Hiking Italy's Dolomites is challenging and beautiful

We pause by a tiny lake — one of the few bodies of water we see during our time here — before starting a challenging hike up a chute.

Kirk, who's 44 and 22 years my junior, surges ahead on the 1- to-2-foot-wide trail that switchbacks toward the top, while Karin, ever the good guide, stays behind with me as I stop often to catch my breath and occasionally sneak a dizzying look back down the chute.

At the top we take a break for water and snacks and enjoy the view of the steep, rock-littered path down that awaits us and the flatter valley beyond. Other hikers, coming from the direction of our destination rifugio, crest the trail, then head down the chute we had just climbed.

Some of these hikers are doing routes similar to ours. Others are tackling some of the alta vie, or high paths. These long-distance trails generally require at least a week to hike.

At Rifugio Lagazuoi we had shared a table at dinner with Roman and Sibylle from Freiburg, Germany, who were hiking the 90-mile-long Alta Via 1, one of the most popular alta vie. They had just hiked down the chute that we would encounter the next day.

Roman tells us they had decided to do Alta Via 1 after seeing a TV documentary and were glad they'd come. Though Germany has its own mountains, "We've never seen mountains this high," he says. "They're very impressive."

Besides their link to World War I, the Dolomites also are home to the Ladin culture, which Karin tells us developed after the Romans invaded the region two millenniums ago and is the most ancient culture of the Alps.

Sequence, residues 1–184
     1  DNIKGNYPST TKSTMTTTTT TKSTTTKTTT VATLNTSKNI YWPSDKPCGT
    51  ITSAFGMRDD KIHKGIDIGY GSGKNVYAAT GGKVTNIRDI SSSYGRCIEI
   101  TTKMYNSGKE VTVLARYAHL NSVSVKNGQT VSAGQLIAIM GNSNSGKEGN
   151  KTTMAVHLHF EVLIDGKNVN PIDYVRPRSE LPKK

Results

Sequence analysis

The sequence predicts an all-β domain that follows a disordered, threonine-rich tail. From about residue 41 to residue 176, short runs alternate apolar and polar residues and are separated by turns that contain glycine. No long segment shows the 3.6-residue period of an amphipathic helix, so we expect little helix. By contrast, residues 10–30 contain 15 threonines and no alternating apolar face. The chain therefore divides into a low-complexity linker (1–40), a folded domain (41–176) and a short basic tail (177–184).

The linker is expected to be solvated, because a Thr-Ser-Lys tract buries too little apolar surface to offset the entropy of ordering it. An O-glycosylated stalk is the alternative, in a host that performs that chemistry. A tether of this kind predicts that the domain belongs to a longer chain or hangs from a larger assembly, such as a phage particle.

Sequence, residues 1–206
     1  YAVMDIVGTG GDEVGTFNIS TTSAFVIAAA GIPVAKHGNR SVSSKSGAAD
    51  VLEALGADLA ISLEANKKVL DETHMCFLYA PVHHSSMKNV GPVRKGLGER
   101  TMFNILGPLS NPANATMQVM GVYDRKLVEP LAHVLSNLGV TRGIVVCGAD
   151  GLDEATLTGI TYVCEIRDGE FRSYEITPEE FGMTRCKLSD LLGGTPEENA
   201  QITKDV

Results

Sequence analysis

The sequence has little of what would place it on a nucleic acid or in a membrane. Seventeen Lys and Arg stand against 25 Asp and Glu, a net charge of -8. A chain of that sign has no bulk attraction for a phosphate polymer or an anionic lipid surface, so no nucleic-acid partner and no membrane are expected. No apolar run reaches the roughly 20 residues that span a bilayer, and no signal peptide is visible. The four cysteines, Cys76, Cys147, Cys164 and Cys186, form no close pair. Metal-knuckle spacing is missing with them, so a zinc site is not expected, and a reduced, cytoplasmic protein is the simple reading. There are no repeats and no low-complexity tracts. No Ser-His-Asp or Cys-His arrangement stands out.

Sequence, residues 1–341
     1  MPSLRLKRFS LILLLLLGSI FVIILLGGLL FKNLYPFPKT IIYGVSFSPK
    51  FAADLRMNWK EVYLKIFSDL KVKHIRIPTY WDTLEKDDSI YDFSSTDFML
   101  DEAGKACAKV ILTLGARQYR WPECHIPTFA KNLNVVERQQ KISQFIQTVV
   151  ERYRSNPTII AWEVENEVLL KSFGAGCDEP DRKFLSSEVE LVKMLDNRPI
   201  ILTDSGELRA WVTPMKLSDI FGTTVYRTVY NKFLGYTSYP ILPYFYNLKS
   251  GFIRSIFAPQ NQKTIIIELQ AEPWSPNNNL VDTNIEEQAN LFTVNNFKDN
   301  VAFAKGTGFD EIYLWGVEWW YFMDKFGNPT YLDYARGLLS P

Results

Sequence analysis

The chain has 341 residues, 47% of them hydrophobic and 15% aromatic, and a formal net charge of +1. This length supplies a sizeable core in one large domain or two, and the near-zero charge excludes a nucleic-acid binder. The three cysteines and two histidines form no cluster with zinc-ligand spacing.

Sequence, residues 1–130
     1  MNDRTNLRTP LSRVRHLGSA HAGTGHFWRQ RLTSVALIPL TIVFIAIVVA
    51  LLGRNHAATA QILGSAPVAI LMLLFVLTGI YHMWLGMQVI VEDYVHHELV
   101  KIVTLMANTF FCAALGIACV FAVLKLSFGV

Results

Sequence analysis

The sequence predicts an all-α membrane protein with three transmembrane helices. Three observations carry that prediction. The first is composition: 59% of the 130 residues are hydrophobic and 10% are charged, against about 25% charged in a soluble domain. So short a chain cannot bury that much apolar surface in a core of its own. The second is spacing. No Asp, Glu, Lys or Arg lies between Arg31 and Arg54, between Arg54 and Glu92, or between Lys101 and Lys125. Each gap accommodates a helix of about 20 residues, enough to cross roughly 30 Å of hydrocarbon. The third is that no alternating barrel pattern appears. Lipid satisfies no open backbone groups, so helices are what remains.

Ladin is among the six languages she speaks, and the documentaries she helps produce document the work of Ladin artists.

Ladin dishes, along with Italian and German influences, also show up on menus at the rifugi and other restaurants in the region. That translates into a mix of pasta, schnitzels, stews and other hearty fare.

Meals and time in our room at night are a good opportunity for Kirk and me to connect on a deeper level than what we typically experience when talking on the phone or the occasional times we can get together in the U.S. We talk about the frustrations and successes of life and work, and mutual experiences as a father. I tell him that as I grow older, I sometimes encounter things in life that make me regret not having known my own dad better.

These are not breakthrough moments, just good, satisfying sharing between two trail mates who happen to be father and son too.

Like hiking, the trek through life isn't without its challenges. But the payoff comes with the experiences and the memories.

Thanks for the memories, Kirk.

Thanks for the memories, Dolomites.

travel@latimes.com